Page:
This first-person narrative is compelling: Our narrator, Croaker, is a physician and warrior, but he has the singular duty of recording the Annals of the Company. Below are a number of quotes to convey his voice. His succinct observations add an unexpected, very satisfying, level of intelligence. The Annals (as physical books) are rarely mentioned/accounted for; however, the storytelling was so engaging I often overlooked the notion that Croaker appears bookless.

Pleasantly mysteries adventure: Cook throws the reader into the deep-end from the start. Strangely even this reprint has no map (which would have been welcome to orient readers). The scale of adventure ranges from skirmishes, to grand battles, to sorties with selected members. The Company seems to range in size from one hundred men to a few thousand. Their employees and their enemies are many and complex.It becomes clear that the conflicts are many and intertwined, but thankfully consistent. Without spoiling anything, I can reveal that it will take 50% of the book to communicate that the Lady is the primary employer of the Company, and her secondary commanders are the Taken (usually undead/possessed sorcerers) which also battle one another. All these are in battle with another army led by the Rebel (and his Circle of eighteen). Somehow Cook manages to dose out just the right amount of information to keep you hooked.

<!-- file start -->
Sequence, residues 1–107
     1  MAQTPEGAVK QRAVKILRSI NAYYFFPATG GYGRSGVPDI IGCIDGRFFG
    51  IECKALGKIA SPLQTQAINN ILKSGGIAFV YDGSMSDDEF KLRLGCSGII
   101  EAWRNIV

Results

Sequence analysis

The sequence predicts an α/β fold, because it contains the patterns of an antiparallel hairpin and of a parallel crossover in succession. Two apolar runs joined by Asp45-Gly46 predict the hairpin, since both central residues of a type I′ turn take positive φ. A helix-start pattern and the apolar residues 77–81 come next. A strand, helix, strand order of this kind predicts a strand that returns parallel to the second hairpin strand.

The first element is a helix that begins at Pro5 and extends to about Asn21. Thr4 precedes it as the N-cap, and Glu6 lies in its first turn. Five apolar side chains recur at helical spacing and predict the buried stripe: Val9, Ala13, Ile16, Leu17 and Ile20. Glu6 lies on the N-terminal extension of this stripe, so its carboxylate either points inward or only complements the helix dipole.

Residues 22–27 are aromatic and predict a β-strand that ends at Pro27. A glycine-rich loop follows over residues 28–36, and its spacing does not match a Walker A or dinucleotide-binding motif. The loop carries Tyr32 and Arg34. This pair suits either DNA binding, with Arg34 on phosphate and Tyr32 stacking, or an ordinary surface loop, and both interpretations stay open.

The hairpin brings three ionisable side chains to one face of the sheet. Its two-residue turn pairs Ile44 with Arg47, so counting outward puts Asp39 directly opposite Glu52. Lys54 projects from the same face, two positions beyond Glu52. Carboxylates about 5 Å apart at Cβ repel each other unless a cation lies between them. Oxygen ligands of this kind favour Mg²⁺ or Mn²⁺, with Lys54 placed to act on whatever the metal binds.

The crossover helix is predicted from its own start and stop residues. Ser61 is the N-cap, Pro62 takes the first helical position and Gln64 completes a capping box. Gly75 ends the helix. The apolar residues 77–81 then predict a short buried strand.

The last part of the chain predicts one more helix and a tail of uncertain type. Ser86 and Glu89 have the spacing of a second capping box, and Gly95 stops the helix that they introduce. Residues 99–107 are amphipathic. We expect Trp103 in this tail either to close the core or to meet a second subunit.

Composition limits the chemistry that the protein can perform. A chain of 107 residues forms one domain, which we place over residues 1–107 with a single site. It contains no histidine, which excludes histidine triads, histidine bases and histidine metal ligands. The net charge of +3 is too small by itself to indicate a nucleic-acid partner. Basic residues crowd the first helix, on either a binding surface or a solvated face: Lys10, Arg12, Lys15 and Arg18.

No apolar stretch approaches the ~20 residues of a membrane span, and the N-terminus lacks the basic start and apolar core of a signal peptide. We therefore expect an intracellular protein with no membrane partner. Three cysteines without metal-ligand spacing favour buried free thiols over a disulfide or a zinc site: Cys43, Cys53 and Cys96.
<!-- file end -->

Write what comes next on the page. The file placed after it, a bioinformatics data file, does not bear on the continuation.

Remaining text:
Characters are interesting and a strength They have concise names whether they be the narrator (Croaker), an enemy (Rebel, or Dominator), a Company member (Captain, Lieutenant), or sorcerer (One-Eye, Catcher, Lady, etc.). We learn about everyone via Croaker’s narration which is often profound. One-Eye and Goblin are two of the Company’s few sorcerers (Silent being another Key one); they continually have contests of antagonistic sorcery, like brothers. Then there is a new addition who joins early on named Raven who has a truly mysterious backstory. Croaker voted to enlist him saying, “I voted aye. I smelled a mystery and did not want it to get away.” Which is what I feel now about these book. There are many mysterious left in the series of the Black Company … and I do not want them to get away!

Cover Confusion/Caution TOR used the beautiful Raymond Swanland cover for both (a) a release of Book #1 Black Company and (b) and Omnibus edition of Books 1-3 of the series. I recommend just buying the omnibus from the start (same cover, almost same price, more books).